If you asked me for a list of some of the best superhero comics of the past year or so, I'd be sure to mention one that comes not from DC Comics or Marvel, two companies synonymous with the genre, but from Archie Comics, a publisher popularly known for not making superhero comics.
That comic would be the one starring The Fox, a Golden Age superhero from MLJ Comics (which would eventually become Archie Comics) that was recently resurrected in a well-made, well-received miniseries, now available in the collection The Fox: Freak Magnet.
Archie's approach to the book seems to have been somewhat Marvel-ous, in several respects.
First, the publisher appears to have allowed a talented creator, Dean Haspiel, to do pretty much whatever he liked with the relatively minor character, and he chose to stick with what came before, but to take it in his own, idiosyncratic direction, not unlike Marvel's post-Hawkeye strategy for its secondary, non-franchise books.
Second, Haspiel and writer Mark Waid seem to have created the book using the old-school "Marvel style" as pioneered by Stan Lee and his collaborators, in which the artist plots the story as well as draws it, while the writer supplies the script to match the action. Haspiel receives credit for plot and line art for most for most of the book, while Waid gets a script credit for most of it; the final issue is both plotted and scripted by J.M. DeMatteis, with Haspiel drawing; he also writes and draws a short epilogue.
So, who or what is The Fox? This Fox is a second-generation, legacy hero — Paul Patton Jr., a newspaper writer and photographer who assumed his father's superhero identity. He has no superpowers, but he fights the good fight with his fists while dressed in an all-black, not-terribly-foxy costume that looks an awful lot like the Black Panther's, except for the floppy ears and an abstract yellow fox head icon on the chest. (How abstract? It looks a little like the silhouette of the capital building upside down.)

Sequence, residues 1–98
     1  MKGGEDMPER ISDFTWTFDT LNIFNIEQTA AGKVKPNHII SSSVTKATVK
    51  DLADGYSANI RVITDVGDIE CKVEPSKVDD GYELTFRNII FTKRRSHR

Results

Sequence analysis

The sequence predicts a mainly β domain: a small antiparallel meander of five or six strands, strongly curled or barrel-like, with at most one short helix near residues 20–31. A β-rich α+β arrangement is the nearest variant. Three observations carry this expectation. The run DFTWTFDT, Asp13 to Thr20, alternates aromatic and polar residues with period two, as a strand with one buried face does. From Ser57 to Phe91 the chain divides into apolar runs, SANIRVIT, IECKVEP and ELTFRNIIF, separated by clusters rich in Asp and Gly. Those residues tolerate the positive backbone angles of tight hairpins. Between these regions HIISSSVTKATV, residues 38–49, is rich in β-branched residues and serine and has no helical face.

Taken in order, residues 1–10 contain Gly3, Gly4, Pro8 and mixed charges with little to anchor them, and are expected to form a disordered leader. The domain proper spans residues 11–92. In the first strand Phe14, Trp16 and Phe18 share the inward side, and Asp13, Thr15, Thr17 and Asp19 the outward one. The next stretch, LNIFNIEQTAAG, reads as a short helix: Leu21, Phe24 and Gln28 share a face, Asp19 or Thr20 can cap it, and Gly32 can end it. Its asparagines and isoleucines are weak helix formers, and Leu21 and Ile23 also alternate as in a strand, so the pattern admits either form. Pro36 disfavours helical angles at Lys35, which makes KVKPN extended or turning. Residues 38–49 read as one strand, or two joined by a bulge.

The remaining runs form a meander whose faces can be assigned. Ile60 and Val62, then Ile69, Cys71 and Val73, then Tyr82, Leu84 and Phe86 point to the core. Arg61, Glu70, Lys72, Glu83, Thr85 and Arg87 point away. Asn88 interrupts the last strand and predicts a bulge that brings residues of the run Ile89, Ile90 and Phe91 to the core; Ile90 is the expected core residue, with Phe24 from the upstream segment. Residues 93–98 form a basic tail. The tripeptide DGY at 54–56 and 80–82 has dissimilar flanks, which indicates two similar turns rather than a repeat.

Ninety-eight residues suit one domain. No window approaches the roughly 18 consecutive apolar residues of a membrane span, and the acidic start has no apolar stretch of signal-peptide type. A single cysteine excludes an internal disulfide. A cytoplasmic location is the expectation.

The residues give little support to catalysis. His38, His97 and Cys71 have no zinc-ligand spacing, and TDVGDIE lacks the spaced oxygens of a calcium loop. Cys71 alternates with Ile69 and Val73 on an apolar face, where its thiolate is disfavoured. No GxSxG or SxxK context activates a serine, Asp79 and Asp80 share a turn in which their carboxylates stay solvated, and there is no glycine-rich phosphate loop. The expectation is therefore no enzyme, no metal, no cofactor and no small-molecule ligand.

Patton's original plan was to further his career by using the costume to draw colorful news stories to himself, but the trick ended up working too well, as he's become a ... well, it's in the title of the book.
As the series starts, Patton has just moved with his wife to a new city and is about to start a new job and welcome his daughter into their new home after being apart from her for years. All he wants is a normal life with his family, but he can't seem to turn off his inner freak magnet, and this volume tracks what's essentially one incredibly weird day in his incredibly weird life.
It starts with him stumbling into a social media/Satanism plot involving the monster-faced Madame Satan and legitimate businessman Mr. Smile during the course of his day job. He's then abducted by interdimensional super-space lady The Queen of Diamonds and sent to her homeworld to rescue her mind-controlled husband from an evil super-druid, a quest that involves The Fox fighting a handful of similarly old, obscure superhero characters -- Bob Phantom, Inferno, The Marvel — that have been transformed into monsters.